The first book in a new series, House of Earth and Blood is a powerful novel, pulling you into a fantastical world full of magic, politics – and evil. Bryce Quinlan has the life that many would dream of; the best of friends, a party life hard to stay track of, and the beauty of her half fae linage. On a perfectly normal night, Bryce parties with the backing of drink and drugs. And on the same night, one of her best friends is murdered.
Two years later, and Bryce hasn’t moved on, or even tried to process what has happened. Instead she has pushed it down, down, down, pretending that she has things under control and that she is perfectly fine. She keeps up her party girl exterior. She goes to work every day. She runs. She keeps running.
But she can’t run when she is approached by the archangel in charge of of her city, asking for her help in chasing down the demons that attacked that horrible night. He pairs her with the notorious, powerful, and now enslaved angel Hunt Athalar, who works for the equivalent of the legal department – but with more blood. Both Bryce and Hunt are opposed to the match, fighting against each other with a passion that soon starts to burn in other ways. But despite their personal feelings, there is a case to solve, and much on the line.
In one sentence: I loved this book. I absolutely loved it. I devoured each page, unable to put it down, and it was one of those books where I felt like if I was doing anything other than reading my book, I was wasting my time. Since finishing it, I’ve felt utterly bereft, and no book is quite filling the Bryce-and-Athalar sized gap in my life. Drama very much intended.
It’s taken a while for me to embrace reading fantasy, feeling foolishly that I was too old to read such books. Since getting over myself, this was the perfect place to start. I’ve never read any Sarah J. Maas before, but have been aware of her work. The difference is that this is an adult series – although amusingly a friend of mine who has read all Maas’s work assures me there is more sex in the YA – and the one criticism I would have of the book is at times the language use veers back into YA level, with certain characters having descriptions regularly applied to them that, however accurate, do feel repetitive. This was a bit annoying at times and I did feel myself rolling my eyes on occasion.
My criticism over with, the first thing I need to praise beyond measure is the creativity of the world creation that makes up Crescent City and the world outside of the city lines. We are given a full history of how the world came to be, the politics at play and the status of power that tips very much in favour of the Archangels that didn’t rebel. This is obviously spoiler free, so I’m being light on the details, but when it comes to the details, there is an impressive amount of them to absorb. Never since Harry Potter have I felt a world has been created with as much planning as with this.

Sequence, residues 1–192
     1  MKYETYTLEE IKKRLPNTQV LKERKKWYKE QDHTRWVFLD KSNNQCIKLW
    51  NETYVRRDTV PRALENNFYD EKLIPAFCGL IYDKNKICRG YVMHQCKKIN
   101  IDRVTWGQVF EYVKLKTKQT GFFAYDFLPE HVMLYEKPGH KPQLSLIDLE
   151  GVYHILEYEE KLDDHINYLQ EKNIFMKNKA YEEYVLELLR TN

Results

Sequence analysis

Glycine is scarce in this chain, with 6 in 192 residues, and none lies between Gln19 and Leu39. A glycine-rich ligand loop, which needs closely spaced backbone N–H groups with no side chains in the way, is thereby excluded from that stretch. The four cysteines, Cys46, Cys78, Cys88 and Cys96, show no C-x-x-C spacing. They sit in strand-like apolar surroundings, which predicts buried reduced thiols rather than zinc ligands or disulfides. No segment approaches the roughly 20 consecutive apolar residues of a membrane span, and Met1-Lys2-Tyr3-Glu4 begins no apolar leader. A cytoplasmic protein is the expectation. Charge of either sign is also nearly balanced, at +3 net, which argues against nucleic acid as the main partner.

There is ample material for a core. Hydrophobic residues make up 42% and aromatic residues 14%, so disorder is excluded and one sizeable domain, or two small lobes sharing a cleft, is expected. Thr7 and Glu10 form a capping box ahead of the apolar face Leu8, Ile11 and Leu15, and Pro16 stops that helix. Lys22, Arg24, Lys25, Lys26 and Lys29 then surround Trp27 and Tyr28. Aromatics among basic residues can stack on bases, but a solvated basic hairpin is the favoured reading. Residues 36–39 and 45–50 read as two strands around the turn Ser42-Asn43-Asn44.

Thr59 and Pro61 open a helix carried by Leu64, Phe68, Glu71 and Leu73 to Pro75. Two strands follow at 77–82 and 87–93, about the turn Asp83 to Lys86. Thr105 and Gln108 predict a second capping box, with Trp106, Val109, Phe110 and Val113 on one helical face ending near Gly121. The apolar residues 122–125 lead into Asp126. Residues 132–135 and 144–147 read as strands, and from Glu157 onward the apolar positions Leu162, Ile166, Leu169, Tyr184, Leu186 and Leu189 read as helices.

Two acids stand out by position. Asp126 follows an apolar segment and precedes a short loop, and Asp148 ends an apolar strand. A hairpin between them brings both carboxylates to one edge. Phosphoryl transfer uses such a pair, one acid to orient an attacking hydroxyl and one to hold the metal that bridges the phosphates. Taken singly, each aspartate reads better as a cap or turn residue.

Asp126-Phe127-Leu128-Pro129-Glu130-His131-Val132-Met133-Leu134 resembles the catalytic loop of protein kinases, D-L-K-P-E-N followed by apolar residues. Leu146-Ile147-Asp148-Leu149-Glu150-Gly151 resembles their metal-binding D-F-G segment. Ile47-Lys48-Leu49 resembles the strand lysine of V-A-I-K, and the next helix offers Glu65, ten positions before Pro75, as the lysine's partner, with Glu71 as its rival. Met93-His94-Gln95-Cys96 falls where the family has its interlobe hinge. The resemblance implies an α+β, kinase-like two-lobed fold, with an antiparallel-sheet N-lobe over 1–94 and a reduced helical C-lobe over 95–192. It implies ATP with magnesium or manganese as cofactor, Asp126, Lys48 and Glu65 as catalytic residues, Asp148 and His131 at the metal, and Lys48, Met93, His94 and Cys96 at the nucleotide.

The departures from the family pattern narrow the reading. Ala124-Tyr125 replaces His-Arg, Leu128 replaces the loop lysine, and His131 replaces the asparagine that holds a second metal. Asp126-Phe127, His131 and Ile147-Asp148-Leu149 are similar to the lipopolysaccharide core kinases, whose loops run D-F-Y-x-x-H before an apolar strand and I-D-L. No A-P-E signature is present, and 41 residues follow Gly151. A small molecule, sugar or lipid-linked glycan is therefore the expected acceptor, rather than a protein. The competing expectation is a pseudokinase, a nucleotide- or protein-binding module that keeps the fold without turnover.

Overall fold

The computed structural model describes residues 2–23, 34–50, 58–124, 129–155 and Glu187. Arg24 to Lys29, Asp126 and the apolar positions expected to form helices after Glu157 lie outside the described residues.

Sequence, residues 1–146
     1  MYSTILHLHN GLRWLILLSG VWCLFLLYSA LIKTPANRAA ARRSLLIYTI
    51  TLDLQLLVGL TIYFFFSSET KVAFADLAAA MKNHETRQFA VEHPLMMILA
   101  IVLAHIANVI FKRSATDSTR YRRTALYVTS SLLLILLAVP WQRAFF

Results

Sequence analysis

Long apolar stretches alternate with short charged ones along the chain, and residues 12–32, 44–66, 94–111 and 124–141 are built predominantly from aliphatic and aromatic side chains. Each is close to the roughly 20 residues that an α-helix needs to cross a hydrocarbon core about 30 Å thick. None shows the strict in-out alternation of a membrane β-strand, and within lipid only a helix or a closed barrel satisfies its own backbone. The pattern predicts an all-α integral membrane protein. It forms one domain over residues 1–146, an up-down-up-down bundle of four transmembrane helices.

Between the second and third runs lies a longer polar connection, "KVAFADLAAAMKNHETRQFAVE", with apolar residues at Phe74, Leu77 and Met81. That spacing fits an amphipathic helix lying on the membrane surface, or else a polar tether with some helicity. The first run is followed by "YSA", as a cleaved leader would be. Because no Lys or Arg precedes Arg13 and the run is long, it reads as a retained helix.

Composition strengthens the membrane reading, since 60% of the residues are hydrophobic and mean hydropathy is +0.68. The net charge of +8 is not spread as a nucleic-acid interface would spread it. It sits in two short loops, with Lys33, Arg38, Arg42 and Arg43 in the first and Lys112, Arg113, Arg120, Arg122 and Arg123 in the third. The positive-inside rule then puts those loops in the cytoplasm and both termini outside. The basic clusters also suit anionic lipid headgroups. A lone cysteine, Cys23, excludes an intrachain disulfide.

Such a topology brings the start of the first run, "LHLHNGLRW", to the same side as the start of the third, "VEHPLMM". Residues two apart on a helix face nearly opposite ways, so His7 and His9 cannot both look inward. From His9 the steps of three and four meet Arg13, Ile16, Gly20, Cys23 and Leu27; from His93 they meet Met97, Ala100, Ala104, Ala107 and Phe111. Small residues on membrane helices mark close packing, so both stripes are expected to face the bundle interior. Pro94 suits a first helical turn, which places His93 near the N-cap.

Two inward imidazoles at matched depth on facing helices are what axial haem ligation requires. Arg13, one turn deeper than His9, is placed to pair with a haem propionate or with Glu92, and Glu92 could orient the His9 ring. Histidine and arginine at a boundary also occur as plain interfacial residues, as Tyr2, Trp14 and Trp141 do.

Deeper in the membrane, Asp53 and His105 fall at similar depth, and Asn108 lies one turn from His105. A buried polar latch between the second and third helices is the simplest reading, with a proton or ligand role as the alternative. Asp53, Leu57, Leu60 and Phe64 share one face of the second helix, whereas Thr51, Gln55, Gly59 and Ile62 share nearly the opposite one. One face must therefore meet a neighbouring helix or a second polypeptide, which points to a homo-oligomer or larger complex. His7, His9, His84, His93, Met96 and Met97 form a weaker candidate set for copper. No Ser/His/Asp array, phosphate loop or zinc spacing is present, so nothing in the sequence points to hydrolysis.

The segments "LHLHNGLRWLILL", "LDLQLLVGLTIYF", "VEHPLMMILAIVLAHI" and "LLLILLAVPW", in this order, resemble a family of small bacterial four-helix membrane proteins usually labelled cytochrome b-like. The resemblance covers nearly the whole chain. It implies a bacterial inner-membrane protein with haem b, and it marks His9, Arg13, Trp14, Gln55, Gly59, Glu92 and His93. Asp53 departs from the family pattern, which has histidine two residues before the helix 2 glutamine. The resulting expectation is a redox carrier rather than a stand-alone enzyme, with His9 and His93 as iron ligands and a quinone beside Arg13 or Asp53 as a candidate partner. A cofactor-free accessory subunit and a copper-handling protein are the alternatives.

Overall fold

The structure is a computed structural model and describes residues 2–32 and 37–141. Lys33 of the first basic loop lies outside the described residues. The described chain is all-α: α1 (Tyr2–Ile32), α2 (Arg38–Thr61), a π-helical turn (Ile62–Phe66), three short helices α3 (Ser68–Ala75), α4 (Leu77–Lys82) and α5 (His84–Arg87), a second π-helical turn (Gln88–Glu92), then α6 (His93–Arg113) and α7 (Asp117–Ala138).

There was a distinct effort to break stereotypes when it came to the people we met along the way; powerful women, emotional men, breaking traditions… These are the kinds of things I like to see in the world! It certainly makes a book more enjoyable when there is power at play, and that power is used to break down walls. Of course no book is perfect and I know some people have felt that the whole “I am woman hear me roar” dynamic was cliche, but personally I felt it was well written, with enough twists and turns to remain interesting beyond happening just by itself.
Grief is a key factor in the tale. Various people are grieving, and as in real life, everyone grieves differently. Watching these little yarns unwind to show the separate struggles but the unity within them, is something powerful, and speaks to everyone in life, whatever their place and whoever they might have lost. I had huge respect for the way grief was displayed in Crescent City, finding it an honest presentation, and strong enough to make me think about the people I have lost in time that I miss so dearly.
Overall, this story is about love, in so many different forms: self love, romantic love, and most importantly, the power of friendship. Never giving up on the people you love is the biggest line throughout the story, and it had me in tears multiple times. This is the book for you if you want to be totally absorbed by something, to lose yourself in a universe with as many details as our own, and want to follow the twists and turns of a tale that eventually bring you to a place where you feel empowered by who – and what – you have encountered along the way.
I don’t do star ratings, but I will say this is one of my top books of all time, not to mention of this year. Simply wonderful.